From: Kate Distin (email@example.com)
Date: Mon 16 Jan 2006 - 16:04:22 GMT
Ben Dawson wrote:
> This is a point that has been on my mind since I watched Dawkins's
> program last week. Is religion really as bad a meme as Dawkins makes
> out? I really can't decide.
> On one hand, when presented with mad Muslims calling all Western women
> whores, it's easy to agree with him. Clearly that is bang out of
> order! On the other hand though, that is an extreme example. My
> parents and sister (all religious) are the nicest people you could
> meet, and would view their own religion as an entirely peaceful thing.
> But if faith causes people to fly planes into buildings, killing
> thousands, then surely our tolerance of this meme should only stretch
> so far?
> I think the problem is in the nature of the meme, rather than the meme
> itself. If I have a disagreement with a friend over the height of a
> building, say, we can resolve that quite easily by looking it up in a
> book or asking an authoritative source or even measuring the thing
> But the meme of faith arises from not being able to empirically prove
> something one way or another. Thus, with no possible way to argue the
> issue out logically, humans turn to their last resort - the primeval
> instinct of fighting one other - because they are both equally certain
> they are right (take the Jew vs Muslim thing that Dawkins showed).
This is true of the meme of "faith" as defined by Dawkins: faith as
belief-without-evidence. But no serious Christian writer would accept
this definition. I don't know where he's got it from. It is one of the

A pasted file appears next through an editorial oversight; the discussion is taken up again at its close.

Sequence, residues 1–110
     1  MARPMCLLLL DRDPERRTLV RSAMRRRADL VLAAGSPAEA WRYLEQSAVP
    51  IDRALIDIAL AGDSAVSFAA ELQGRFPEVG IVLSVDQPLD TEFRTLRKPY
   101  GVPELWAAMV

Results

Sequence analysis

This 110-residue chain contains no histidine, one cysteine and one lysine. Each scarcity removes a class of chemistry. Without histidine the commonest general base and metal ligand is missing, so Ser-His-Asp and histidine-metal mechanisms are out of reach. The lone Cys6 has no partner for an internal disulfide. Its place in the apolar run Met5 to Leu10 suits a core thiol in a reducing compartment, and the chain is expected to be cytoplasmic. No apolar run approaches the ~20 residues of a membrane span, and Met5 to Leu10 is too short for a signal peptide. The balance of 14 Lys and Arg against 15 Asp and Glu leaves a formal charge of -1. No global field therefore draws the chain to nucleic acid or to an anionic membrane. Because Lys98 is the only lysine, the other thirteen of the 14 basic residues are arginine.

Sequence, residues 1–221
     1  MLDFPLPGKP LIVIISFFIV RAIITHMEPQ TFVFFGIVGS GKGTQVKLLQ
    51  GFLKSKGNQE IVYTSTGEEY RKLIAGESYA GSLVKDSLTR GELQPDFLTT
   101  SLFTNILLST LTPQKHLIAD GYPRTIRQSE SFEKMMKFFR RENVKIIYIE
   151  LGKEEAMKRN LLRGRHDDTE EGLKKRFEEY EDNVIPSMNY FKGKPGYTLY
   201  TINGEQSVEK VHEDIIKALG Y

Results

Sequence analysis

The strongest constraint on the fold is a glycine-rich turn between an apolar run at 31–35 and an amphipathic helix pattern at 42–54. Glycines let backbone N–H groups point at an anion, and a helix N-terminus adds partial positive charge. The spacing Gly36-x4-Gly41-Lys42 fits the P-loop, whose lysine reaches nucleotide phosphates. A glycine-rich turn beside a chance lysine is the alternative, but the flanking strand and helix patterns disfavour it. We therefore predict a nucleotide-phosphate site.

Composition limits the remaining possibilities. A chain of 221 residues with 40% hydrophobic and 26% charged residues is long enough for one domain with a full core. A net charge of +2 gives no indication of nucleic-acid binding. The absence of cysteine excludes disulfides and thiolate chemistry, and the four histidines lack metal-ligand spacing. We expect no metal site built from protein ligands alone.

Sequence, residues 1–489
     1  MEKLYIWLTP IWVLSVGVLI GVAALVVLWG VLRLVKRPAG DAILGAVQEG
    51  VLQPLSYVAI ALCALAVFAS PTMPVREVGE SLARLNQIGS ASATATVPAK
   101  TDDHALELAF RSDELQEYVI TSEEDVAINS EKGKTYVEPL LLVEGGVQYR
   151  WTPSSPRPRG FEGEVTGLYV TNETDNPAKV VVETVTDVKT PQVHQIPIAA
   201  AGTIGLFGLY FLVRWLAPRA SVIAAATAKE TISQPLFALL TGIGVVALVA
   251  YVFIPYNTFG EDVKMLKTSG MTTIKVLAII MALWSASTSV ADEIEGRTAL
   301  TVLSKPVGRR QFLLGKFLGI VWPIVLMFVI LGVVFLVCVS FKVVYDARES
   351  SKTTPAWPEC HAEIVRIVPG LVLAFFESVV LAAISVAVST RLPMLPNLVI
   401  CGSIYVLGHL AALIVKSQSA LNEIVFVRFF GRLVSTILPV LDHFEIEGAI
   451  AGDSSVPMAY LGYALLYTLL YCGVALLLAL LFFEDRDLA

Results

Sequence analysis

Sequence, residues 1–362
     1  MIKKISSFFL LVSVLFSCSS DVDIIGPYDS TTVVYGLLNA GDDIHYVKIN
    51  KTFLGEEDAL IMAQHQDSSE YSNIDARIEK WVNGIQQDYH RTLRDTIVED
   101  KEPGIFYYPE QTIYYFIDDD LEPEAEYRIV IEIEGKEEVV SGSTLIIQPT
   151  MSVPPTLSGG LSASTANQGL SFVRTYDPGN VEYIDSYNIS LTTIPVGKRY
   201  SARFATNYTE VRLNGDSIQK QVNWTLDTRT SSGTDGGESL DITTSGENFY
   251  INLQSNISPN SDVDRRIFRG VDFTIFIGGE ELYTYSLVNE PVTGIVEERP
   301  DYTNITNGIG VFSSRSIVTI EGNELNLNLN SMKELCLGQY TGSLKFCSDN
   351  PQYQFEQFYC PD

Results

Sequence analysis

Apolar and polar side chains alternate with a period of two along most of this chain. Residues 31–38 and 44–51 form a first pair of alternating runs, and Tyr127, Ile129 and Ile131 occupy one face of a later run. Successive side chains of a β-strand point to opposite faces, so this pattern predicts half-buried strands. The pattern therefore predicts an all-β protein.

straw men he's so keen on fighting (see Derek's point about his
reluctance to engage with McGrath).
Faith is not about believing things because there's no evidence/proof
either way. Faith is about sticking to beliefs for which you *have*
what you regard as convincing evidence, in the face of what appear to be
counter-arguments or contradictory evidence. Sticking to them, anyway,
until you are convinced of the need to ditch them.
Scientists have this kind of faith in established theories. If some new
bit of evidence arises that seems to contradict an established theory,
the scientists don't immediately ditch the theory. They hold on to it
while they investigate the apparent new evidence more carefully. This
is a rational way to behave and,as it happens, perfectly in keeping with
a memetic view of what's happening. It's what religious people do, too.
So, for example, a Christian is taken ill, or betrayed by a friend, or
is scared about an impending challenge. Faith is about not being able
to see her way out of the current situation, but knowing that in the
past God has never let her down. Faith is about praying, and trusting
God with the situation, on the basis of all her life's experience to
date, even though just now she cannot see how on earth she is going to
be able to cope with the situation.
This is what we do in our human relationships, too. We consider our
loved ones innocent until proven guilty. We display faith in them. All
I'm not sure that I understand what is going on in the minds of people
who fly aeroplanes into buildings, or say (as Dawkins's interviewee did
last week) that they "hate atheists". But nor do I understand what is
going on in the minds of people who commit atrocities in any cause, be
that political, gang-related, tribal or whatever. And I am pretty clear
that what is going on in these minds is not very much like what is going
on in mine when I engage in robust philosophical or theological debate
with my Christian, Muslim, Sikh, or atheist friends.
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